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Case Basics
Docket No. 
Allied Structural Steel Co.
(Argued the cause for the appellant)
(Argued the cause for the appellees)
Facts of the Case 

In 1974, Minnesota adopted legislation which required private employers to pay a fee if they terminated employee pension plans or if they moved their offices from the state, leaving insufficient funds to cover pensions for ten-year employees. This law affected Allied Structural Steel as the company began closing offices in Minnesota. Even though the employees affected by the closing were not entitled to pensions under the terms of their employment with the company, according to the Minnesota law, they were. The company was ordered to pay approximately $185,000 to comply with the statute's provisions.


Did Minnesota's Private Pension Benefits Protection Act violate the Contract Clause of the Constitution?

Decision: 5 votes for Allied Structural Steel Co., 3 vote(s) against
Legal provision: Article 1, Section 10, Paragraph 1: Contract Clause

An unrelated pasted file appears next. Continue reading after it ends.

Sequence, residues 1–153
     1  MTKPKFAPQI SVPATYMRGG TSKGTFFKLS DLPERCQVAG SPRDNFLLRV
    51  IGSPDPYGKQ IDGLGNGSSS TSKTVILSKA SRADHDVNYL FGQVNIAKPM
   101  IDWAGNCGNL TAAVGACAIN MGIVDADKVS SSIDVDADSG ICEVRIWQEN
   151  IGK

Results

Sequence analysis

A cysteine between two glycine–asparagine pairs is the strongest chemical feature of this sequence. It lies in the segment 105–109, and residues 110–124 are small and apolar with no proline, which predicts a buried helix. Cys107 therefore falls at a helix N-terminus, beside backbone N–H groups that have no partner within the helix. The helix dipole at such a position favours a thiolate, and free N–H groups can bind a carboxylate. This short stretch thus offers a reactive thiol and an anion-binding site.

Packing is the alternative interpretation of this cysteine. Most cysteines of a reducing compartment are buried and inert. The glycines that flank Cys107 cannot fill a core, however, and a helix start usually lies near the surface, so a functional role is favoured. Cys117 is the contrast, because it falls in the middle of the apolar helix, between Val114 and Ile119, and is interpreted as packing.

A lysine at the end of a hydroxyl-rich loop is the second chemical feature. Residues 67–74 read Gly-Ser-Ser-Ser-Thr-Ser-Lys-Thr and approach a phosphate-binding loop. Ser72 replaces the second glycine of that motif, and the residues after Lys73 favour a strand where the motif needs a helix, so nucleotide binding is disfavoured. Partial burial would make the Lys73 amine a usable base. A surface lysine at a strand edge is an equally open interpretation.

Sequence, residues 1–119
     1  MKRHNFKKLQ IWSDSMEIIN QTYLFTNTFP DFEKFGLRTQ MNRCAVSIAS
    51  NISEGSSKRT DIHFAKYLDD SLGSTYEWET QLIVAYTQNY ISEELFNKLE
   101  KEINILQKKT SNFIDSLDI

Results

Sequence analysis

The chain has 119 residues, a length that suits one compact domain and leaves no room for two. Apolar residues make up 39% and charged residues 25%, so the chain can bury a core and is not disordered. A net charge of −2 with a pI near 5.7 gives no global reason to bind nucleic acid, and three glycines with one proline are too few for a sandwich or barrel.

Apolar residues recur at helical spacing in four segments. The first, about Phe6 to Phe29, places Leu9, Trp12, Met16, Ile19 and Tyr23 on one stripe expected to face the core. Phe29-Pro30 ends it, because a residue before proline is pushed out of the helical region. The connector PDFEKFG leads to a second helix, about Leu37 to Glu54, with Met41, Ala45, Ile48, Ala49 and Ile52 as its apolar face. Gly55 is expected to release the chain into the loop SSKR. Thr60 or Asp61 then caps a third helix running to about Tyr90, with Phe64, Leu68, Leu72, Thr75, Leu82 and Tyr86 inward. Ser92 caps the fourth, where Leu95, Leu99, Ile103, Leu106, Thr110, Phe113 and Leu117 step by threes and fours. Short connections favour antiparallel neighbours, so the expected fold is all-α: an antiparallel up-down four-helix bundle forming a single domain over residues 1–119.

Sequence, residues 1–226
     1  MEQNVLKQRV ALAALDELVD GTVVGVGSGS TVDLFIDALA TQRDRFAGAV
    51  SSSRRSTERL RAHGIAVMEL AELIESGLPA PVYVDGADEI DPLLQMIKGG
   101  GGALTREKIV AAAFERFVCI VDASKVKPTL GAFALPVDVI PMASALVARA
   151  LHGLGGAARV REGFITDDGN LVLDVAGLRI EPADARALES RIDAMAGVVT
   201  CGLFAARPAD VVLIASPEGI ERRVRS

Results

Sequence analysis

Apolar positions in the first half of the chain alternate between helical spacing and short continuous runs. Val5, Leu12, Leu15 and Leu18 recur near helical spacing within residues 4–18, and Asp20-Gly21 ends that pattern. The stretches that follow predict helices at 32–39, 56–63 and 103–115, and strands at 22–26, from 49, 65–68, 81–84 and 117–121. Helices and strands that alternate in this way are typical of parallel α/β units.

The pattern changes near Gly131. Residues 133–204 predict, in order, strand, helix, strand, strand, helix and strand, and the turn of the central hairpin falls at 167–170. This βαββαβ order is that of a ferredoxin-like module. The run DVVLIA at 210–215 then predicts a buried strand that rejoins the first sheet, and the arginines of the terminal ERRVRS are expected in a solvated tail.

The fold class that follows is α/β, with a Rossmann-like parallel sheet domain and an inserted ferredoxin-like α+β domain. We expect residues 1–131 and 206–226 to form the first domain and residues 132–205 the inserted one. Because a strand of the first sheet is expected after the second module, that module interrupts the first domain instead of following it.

The Court found that the Minnesota law did violate the Constitution as it "substantially altered" the provisions of pension agreements which Allied Steel had with its employees. Citing the importance that the Framers placed on private contracts in the conduct of business, Justice Stewart found that the act's effect was "severe" as it nullified terms of t he company's obligations to its employees and imposed an "unexpected liability in potentially disabling amounts." Furthermore, the law was narrowly targeted at employers who had decided to establish employee pension plans, and it did not seek to deal with broad economic and social problems.

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ALLIED STRUCTURAL STEEL CO. v. SPANNAUS. The Oyez Project at IIT Chicago-Kent College of Law. 30 August 2015. <>.
ALLIED STRUCTURAL STEEL CO. v. SPANNAUS, The Oyez Project at IIT Chicago-Kent College of Law, (last visited August 30, 2015).
"ALLIED STRUCTURAL STEEL CO. v. SPANNAUS," The Oyez Project at IIT Chicago-Kent College of Law, accessed August 30, 2015,